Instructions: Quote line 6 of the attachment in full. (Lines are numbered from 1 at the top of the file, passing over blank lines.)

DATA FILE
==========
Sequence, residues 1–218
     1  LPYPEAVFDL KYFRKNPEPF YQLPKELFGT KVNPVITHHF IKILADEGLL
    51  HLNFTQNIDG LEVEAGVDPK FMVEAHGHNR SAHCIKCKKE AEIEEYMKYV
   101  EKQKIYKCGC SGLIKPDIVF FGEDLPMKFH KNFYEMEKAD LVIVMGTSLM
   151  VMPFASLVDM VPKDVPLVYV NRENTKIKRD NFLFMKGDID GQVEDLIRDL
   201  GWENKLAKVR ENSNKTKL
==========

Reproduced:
   201  GWENKLAKVR ENSNKTKL